A national project aimed at educating young people about prejudice and intolerance is coming to Calderdale schools.
The work, co-ordinated by the Council’s School Effectiveness Service, will see children at eight schools in the borough participating in the Heartstone’s Story Circle project, working with local poets, dancers, artists, musicians, historians and sculptors and studying books in the Heartstone Odyssey trilogy.
The story of the Heartstone Odyssey is a fictional tale of adventure, magic, mystery and suspense which starts in the late 1700s reaching into the current time. Part of the story takes place in Yorkshire in the early 1800s.
Aimed at 9 to 12 year olds, it also deals with issues of racism and prejudice, generating discussion and debate as well as developing literacy skills. The work will build up to a new national Heartstone Odyssey Book Festival to take place in July 2022 involving schools across the North West region.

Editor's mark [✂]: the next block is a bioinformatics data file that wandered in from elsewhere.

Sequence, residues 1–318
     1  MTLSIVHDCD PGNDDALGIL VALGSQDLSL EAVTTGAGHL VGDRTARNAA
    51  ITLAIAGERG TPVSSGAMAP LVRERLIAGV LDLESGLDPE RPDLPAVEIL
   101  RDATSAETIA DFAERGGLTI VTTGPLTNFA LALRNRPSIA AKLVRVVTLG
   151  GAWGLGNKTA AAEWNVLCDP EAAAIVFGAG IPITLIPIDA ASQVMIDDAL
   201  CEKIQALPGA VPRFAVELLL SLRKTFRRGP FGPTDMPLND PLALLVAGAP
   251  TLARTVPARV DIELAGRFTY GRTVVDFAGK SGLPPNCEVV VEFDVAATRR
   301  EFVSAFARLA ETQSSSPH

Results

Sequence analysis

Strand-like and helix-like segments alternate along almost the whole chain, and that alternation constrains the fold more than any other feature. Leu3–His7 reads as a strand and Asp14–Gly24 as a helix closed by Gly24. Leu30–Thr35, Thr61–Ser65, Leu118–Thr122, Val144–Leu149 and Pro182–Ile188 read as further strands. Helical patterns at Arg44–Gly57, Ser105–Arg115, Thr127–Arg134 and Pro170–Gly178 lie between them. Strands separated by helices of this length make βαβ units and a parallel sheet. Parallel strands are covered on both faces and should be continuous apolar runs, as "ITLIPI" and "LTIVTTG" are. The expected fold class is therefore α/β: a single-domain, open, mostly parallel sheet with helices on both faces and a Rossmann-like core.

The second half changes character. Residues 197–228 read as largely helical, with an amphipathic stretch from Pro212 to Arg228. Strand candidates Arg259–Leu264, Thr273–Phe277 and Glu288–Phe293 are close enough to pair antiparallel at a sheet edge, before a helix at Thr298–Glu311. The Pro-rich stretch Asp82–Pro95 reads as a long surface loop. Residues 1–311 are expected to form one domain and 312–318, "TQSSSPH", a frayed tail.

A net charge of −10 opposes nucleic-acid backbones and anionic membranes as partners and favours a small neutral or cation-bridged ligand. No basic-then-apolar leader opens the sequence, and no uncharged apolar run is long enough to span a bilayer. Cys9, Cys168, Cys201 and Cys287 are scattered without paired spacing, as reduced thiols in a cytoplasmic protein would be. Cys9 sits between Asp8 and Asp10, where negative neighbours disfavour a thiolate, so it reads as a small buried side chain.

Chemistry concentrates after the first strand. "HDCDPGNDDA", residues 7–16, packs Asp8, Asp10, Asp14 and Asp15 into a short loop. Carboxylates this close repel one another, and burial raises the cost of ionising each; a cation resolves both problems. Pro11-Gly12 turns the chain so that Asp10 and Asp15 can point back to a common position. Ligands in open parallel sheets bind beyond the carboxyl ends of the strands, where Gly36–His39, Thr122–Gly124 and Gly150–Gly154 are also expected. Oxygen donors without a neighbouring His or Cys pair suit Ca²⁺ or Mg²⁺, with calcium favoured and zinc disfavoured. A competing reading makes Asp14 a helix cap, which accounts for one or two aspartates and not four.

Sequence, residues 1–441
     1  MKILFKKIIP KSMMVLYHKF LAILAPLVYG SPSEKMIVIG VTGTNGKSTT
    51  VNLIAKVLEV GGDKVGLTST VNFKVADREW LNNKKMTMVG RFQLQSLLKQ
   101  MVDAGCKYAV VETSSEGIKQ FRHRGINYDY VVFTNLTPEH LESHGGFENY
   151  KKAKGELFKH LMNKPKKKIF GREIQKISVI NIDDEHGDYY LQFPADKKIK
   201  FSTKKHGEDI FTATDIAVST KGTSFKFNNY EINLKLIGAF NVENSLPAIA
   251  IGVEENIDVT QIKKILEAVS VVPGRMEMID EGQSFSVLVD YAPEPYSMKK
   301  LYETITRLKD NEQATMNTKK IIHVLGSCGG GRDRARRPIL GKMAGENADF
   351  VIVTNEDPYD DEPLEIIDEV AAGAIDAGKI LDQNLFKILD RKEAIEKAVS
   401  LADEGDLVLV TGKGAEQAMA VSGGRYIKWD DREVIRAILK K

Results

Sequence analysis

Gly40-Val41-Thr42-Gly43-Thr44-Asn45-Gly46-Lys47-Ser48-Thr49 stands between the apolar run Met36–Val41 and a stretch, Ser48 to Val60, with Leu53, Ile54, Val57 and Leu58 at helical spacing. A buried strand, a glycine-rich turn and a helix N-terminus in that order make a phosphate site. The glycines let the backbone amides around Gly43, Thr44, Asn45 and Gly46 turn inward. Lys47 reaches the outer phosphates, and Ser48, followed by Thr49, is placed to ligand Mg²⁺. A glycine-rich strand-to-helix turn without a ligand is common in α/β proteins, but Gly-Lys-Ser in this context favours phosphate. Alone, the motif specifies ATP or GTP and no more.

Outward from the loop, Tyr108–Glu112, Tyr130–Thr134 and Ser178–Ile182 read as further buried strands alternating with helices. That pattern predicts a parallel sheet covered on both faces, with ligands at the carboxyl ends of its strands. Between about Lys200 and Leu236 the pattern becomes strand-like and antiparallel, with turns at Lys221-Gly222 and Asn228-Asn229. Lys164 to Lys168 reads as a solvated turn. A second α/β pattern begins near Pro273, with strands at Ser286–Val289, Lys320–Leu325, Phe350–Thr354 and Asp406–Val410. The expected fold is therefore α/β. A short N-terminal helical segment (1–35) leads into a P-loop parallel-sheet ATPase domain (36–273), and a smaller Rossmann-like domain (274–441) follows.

The Calderdale primary schools taking part in this work are Castlehill, Colden, Northowram, West Vale, Trinity St. Peter’s, Calder Learning Trust, Cross Lane and Cliffe Hill. The schools have started to prepare contributions of artwork, poetry and other creative items. Pupils will also have the opportunity to visit Calderdale libraries and museums and take part in workshops.
Calderdale Council’s Interim Cabinet Member for Children and Young People’s Services, Cllr Sarah Courtney, said:
“This is a unique opportunity for children in Calderdale to be part of a national initiative to tackle hate and prejudice. Through the power of storytelling, the Heartstone project will allow children to better understand the importance of tolerance and initiate challenging conversations and debate.
“Pupils taking part will have the opportunity to engage with a variety of creative projects, whilst building up to the national book festival in July. The festival will include contributors from around the world, all with the common ambition of tackling discrimination and educating the next generation to be more understanding and tolerant of people’s differences.”